Symphony No.9 in D-minor [edition used not specified; probably Leopold Nowak’s of 1951]
Royal Concertgebouw Orchestra
Reviewed by: David Gutman
Reviewed: 1 September, 2017
Venue: Royal Albert Hall, London
It might have been a truncated version of a concert previously given in Amsterdam’s Concertgebouw (and to come in Berlin, Weber’s Euryanthe Overture common to both) but this programme suited the sometimes intractable acoustic properties of the Royal Albert Hall. The frustrations came from a less predictable quarter.
Wolfgang Rihm’s In-Schrift (1995), which has since acquired a sequel, previously featured at the Proms in 1998 courtesy of Claudio Abbado and the Berliner Philharmoniker. Whatever its claims to musical significance, In-Schrift functions successfully on the level of sound-sculpture and silences doubts when experienced live. The parade of sonorous incident kicks off with a suitably sonorous bell-stroke extended by flutter-tonguing flutes. Apart from the extended tinkering around a repeated F-sharp, the ideas include an impressive chant for subterranean brass and a vaguely ecclesiastical or Górecki-ish passage, recognisably triadic, for cellos and double basses (there are no violins and violas). About halfway through the present performance the baton flew out of Daniele Gatti’s hands, providing additional visual interest. It was returned but he conducted the rest of the score in Boulezian fashion. The most striking section, involving the regular beating of bongos and woodblocks from the back of the performance space, followed shortly thereafter, resetting the texture at least until a higher woodblock disrupts the picture yet again. We hear a lot of music patterned like this; however Rihm’s eruptions are more provocative and effective than most. Designed to resonate in St Mark’s, Venice, the echo-chamber effect is for once written in. The Albert Hall realisation was highly successful.
The location might seem equally well-suited to Bruckner’s expansive idiom but it is only recently that his works have featured regularly during Proms seasons. While the festival’s original venue, the Queen’s Hall, had a different acoustic, the real problem lay elsewhere. Looking back on his introduction of the Seventh Symphony during the 1903 season, Henry Wood observed that “The public would not have it then; neither will they now.” It was not until 1962 that Rudolf Schwarz and the BBC Symphony Orchestra finally essayed the Ninth at a Prom. Things are very different today. Bernard Haitink, Gatti’s Amsterdam predecessor but two, has directed four accounts (in 1967, 1969, 1983 and 2012), the first and third renditions featuring the Concertgebouw Orchestra. And Gatti himself was on the podium for a Ninth in 1999 with the Royal Philharmonic.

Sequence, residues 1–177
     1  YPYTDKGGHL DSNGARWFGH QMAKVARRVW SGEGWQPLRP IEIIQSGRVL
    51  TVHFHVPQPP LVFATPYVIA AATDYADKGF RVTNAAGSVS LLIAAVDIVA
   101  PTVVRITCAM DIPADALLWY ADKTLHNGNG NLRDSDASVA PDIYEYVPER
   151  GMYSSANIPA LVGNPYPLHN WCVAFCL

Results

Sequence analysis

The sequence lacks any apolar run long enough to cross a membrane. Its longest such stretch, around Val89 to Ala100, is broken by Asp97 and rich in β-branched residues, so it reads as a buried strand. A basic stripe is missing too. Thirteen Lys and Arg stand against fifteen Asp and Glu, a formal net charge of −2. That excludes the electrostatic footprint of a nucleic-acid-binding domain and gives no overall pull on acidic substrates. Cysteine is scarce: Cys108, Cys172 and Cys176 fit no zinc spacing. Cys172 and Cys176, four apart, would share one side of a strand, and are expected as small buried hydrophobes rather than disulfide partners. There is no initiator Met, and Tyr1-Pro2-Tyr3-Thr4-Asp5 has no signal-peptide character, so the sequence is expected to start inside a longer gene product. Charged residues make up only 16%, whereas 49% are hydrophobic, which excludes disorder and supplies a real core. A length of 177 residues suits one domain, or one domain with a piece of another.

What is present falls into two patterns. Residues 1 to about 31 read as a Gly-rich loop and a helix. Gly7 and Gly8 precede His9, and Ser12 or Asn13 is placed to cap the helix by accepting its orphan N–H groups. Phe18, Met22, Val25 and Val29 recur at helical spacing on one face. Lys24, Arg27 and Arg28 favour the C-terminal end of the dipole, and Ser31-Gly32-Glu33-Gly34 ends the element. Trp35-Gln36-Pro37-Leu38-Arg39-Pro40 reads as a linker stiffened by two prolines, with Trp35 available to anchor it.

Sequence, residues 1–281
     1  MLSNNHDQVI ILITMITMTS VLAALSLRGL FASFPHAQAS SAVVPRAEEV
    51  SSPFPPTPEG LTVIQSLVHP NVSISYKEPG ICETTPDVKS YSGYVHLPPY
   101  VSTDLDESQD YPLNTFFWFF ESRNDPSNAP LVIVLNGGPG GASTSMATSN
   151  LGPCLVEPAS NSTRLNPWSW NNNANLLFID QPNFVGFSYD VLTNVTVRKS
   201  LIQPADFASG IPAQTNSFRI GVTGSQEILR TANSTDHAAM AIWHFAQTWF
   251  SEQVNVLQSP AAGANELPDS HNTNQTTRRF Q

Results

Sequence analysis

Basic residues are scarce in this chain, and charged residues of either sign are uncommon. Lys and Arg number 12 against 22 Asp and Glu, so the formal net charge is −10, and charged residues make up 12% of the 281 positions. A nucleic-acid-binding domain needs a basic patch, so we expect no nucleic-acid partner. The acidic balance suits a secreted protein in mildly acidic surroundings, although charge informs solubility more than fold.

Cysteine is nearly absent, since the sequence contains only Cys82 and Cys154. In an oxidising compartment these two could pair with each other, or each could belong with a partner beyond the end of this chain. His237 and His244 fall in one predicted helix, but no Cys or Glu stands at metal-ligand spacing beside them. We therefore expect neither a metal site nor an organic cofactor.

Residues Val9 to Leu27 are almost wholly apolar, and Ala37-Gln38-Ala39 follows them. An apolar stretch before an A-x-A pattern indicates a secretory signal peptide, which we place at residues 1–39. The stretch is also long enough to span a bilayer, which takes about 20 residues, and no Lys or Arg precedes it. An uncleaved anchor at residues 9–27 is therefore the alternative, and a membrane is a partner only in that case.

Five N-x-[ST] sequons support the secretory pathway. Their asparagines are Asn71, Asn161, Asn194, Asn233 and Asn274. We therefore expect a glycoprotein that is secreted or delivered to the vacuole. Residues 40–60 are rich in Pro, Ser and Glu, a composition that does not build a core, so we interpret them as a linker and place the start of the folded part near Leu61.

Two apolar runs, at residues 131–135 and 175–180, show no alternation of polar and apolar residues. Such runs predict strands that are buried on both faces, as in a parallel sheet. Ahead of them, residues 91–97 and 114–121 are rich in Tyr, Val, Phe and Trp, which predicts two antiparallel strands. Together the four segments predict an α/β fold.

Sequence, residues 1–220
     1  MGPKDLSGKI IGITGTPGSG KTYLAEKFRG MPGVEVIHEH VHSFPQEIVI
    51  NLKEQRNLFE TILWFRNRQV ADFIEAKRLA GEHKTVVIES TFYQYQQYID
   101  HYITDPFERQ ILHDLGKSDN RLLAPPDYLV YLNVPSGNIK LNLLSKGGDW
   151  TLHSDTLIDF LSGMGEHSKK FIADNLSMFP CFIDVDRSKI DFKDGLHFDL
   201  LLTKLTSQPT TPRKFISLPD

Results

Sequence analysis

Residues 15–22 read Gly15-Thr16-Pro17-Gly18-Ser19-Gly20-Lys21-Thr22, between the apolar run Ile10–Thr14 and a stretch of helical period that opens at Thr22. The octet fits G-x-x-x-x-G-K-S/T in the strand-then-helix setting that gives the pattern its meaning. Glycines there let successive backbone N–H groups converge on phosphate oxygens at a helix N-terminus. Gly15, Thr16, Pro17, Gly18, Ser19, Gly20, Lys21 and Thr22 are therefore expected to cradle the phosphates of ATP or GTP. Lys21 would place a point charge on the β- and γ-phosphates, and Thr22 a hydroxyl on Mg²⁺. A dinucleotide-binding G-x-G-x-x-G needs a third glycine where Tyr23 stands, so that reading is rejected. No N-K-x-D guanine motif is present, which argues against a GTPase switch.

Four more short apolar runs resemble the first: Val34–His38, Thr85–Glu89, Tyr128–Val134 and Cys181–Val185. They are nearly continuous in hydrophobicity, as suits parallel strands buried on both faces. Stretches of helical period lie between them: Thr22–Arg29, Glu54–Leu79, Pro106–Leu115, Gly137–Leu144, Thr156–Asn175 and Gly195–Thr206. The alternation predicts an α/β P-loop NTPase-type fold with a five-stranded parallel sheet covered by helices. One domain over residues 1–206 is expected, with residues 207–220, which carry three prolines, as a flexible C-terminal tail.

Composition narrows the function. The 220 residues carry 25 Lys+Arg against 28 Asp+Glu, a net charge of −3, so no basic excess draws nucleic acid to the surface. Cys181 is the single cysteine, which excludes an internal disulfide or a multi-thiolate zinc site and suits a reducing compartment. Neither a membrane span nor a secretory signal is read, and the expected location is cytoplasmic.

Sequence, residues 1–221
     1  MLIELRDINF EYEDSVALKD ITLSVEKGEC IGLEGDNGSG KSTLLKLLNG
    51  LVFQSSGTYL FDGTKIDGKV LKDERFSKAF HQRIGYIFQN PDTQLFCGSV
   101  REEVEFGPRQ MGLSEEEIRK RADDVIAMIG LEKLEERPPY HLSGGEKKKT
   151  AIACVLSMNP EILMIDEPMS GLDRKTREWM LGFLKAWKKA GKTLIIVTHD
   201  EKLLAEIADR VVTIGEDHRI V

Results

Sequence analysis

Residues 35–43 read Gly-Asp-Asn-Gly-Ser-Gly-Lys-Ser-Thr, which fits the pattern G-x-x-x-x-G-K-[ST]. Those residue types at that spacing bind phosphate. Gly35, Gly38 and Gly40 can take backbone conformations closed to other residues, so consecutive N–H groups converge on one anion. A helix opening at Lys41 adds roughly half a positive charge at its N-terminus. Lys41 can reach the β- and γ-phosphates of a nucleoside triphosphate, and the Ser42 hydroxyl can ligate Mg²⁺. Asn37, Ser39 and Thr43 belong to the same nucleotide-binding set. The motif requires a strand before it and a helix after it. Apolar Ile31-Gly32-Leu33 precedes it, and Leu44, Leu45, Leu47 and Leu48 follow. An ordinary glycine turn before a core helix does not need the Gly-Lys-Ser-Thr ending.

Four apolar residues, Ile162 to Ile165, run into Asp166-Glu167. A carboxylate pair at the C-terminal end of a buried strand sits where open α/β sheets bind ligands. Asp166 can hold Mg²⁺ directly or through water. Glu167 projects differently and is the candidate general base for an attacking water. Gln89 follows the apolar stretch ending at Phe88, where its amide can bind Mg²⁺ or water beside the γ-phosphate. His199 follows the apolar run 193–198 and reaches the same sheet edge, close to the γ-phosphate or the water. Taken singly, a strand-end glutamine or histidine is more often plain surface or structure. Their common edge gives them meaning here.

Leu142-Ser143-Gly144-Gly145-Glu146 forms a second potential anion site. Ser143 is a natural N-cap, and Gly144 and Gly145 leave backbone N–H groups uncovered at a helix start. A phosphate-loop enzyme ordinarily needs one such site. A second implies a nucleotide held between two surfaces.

Set against the fluent flow of Mariss Jansons’s Ninth, Gatti proved lumpier and more deliberate; not deconstructionist exactly despite some detailed aural inspection but weirdly reluctant to build much sense of cumulative power. There was some momentarily lovely lyrical moulding, the odd apocryphal accelerando too, but we were too often becalmed and unmoved, the all-too tangible argument undermined by dampened decibels. The italicised articulation of the Scherzo’s opening theme felt merely odd and the august ensemble repeatedly failed to launch it with quite the splenetic precision intended, timpani slightly adrift.
Was all this deliberate? Had the interpretation been rethought in the light of what we now know of Bruckner’s unfinished Finale? Haitink makes his default final movement, the Adagio, bleak indeed. And Günter Wand never let the attention wander as it could do with Gatti. Perhaps we have been spoilt. The accompanying programme booklet steered clear of discussing the competing editions and completions.
The RCO, making its first Proms visit since 2009, made a heavy, glossy sound. The first and second violins were placed antiphonally with the double basses massed to the left. Gatti, a co-religionist who conducted without a score (he does not even use one in Parsifal), seemed unable to communicate Bruckner’s essence the way he does in Mahler or Berg. A puzzle, the more so when the not-quite capacity crowd listened attentively.